19:47 < serverhorror> If I had one thing to choose, I'd like the pkg docs to
be more linked, like "interface foo this is implemented by: bar, baz" (and the
other way around, mentioning all the interfaces something implements)
19:47 < smw> Namegduf, interesting.  I would love to here it :-).
19:47 < skelterjohn|work> serverhorror: that has come up - but it would be
misleading
19:47 < Namegduf> smw: In short, declarations in C are supposed to look like
the way variables are used.  This is utterly mad for complex types.
19:48 < Namegduf> Especially function pointers and whatnot.
19:48 < Namegduf> The C spiral and whatnot in how to read them.
19:48 < aiju> the most complex C type i've ever used in a real program was
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19:48 < aiju> void (*array[10])();
19:48 < Namegduf> smw: Go, instead, didn't try for that.
19:49 < skelterjohn|work> aiju: function pointers?
19:49 < aiju> skelterjohn|work: yeah
19:49 < skelterjohn|work> oh wait, that's a function pointer?
19:49 < serverhorror> skelterjohn: how is that misleading?
19:49 < skelterjohn|work> i was saying that a funciton pointer might look
more complicated
19:49 < aiju> it's an array of ten function pointers
19:49 < skelterjohn|work> lol
19:49 < aiju> [10]func() in Go
19:49 < skelterjohn|work> serverhorror: because something can satisfy an
interface without meaning to
19:50 < skelterjohn|work> and using it where that interface is expected
would be wrong
19:50 < zozoR> (which is awesome)
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19:50 < Namegduf> smw: The Go rules are nice and simple and easy to read for
even composite types, while C's...  are pretty awful.
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19:51 < smw> Namegduf, ok.  One thing I really like go is that I can read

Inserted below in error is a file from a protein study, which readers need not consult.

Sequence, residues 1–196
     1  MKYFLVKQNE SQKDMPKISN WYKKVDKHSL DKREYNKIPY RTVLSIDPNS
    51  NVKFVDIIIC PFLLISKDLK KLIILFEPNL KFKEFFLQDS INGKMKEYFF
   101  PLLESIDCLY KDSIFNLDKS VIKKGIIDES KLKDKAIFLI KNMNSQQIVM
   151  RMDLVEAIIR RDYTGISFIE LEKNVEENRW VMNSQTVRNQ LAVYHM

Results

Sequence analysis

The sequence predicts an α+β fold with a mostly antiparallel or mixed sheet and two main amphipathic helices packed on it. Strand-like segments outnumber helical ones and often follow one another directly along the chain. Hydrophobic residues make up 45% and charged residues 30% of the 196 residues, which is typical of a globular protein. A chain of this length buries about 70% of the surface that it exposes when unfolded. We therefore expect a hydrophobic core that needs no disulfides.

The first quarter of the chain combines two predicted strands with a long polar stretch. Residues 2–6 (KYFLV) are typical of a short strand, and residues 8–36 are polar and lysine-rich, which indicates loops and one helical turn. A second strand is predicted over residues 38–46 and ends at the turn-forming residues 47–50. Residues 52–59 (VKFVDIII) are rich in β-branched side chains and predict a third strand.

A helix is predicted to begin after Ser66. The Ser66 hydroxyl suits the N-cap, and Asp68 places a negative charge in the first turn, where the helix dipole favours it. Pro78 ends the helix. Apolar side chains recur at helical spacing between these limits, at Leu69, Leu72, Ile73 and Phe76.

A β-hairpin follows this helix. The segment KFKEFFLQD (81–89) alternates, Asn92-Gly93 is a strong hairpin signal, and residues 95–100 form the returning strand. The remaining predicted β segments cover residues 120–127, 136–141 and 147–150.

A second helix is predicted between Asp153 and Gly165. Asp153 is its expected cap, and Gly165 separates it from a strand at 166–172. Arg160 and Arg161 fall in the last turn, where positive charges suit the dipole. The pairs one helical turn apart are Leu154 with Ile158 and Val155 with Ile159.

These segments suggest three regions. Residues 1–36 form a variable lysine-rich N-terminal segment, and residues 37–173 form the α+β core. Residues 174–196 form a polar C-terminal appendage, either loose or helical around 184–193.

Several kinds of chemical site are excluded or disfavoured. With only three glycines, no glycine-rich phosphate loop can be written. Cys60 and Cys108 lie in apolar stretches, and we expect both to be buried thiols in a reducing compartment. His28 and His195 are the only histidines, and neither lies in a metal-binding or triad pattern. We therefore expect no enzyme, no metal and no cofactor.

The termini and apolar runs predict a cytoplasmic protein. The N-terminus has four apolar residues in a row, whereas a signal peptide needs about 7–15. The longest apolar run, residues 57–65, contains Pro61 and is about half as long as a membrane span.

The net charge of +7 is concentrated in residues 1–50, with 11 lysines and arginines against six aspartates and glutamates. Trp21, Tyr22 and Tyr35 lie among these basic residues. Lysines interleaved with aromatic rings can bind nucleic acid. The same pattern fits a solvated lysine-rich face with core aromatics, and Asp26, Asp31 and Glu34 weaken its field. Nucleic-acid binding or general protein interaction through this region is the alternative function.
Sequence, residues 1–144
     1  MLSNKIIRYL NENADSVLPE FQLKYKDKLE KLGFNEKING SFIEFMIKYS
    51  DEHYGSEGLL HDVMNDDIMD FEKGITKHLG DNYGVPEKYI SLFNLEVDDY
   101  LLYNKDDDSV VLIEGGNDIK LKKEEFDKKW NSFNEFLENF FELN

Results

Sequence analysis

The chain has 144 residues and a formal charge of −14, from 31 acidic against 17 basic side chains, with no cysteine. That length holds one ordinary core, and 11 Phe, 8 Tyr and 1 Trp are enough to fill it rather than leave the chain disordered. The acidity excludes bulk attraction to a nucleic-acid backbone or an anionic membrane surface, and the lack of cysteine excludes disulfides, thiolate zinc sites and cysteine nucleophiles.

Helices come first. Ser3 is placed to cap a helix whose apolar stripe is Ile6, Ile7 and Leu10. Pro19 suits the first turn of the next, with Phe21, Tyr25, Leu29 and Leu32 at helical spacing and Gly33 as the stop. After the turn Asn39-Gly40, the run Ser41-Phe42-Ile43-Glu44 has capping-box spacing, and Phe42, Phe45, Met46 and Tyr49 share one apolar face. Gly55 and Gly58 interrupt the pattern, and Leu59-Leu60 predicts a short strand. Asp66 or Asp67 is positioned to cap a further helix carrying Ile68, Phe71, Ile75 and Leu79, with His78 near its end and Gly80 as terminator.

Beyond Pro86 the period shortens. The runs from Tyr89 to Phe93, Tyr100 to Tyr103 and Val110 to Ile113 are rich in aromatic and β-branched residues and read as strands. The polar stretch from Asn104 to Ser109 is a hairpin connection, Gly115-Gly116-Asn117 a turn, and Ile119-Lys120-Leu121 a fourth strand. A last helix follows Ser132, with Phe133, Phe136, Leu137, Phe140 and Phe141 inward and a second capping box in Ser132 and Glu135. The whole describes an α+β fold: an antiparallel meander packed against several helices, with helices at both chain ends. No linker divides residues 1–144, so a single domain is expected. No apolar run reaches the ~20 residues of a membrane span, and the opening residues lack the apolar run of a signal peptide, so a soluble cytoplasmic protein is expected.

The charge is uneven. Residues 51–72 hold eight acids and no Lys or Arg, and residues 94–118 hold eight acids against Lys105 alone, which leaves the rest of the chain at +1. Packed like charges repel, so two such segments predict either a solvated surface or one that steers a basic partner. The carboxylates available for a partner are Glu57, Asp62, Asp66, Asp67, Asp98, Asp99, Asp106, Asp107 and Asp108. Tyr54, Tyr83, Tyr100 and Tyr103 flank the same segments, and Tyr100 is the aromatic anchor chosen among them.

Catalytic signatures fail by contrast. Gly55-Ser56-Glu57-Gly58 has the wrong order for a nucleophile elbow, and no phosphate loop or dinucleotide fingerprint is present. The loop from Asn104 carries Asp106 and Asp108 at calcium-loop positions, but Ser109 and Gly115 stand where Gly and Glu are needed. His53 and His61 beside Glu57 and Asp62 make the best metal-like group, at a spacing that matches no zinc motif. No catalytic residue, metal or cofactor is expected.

the spec :-)
19:51 < Namegduf> Go's also handle pointers more sensibly
19:51 < serverhorror> skelterjohn: hmmm isn't implementing an interface "by
accident" a feature of go -- of course by accident shouldn't be the rule but if it
does the API is out there anyway so people will use it
19:52 < Namegduf> In C, the * goes before the variable name, so int* x, y;
won't do what you expect.
19:52 < smw> Namegduf, right, it handles pointers by hiding them
19:52 < Namegduf> ...no?
19:52 < Namegduf> Go doesn't hide pointers at all.
19:52 < aiju> Go pointers are nice
19:52 < smw> It hides them in unsafe...
19:52 < aiju> not as powerful as C pointers
19:52 < Namegduf> No, it doesn't.
19:52 < aiju> and not as fucking retarded as C# references
19:52 < zozoR> xD
19:52 < Namegduf> Pointers are a first-class, perfectly normal, quite
commonly used type of types.
19:52 < smw> ok
19:52 < Namegduf> Unsafe is just the only way to convert one pointer to
another.
19:52 < Namegduf> Unsafely.
19:52 < smw> got it
19:53 < aiju> i miss C pointer arithmetic, but it's not something i can
seriously criticize
19:53 < Namegduf> In Go, "var x, y *int" will do what it looks like
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19:53 < Namegduf> In C, "int* x, y;" will not, because part of the type is
specified in how each identifier is written.
19:53 < Namegduf> And * is one of those parts.
19:53 < zozoR> why isnt the start part of the int in C
19:54 < aiju> Namegduf: tbh i make use of that quite often
19:54 < skelterjohn|work> type A B; aBPointer = (*B)(anAPointer) works fine,
doesn't it?
19:54 < aiju> char c, *p;
19:54 < Namegduf> skelterjohn|work: No
19:54 < Namegduf> Oh, wait.
19:54 < Namegduf> That might.
19:54 < skelterjohn|work> :)
19:55 < exch> it will
19:55 < skelterjohn|work> but if it were type A { B } i think that would not
work
19:55 < Namegduf> smw: Can I suggest trying out writing some Go programs if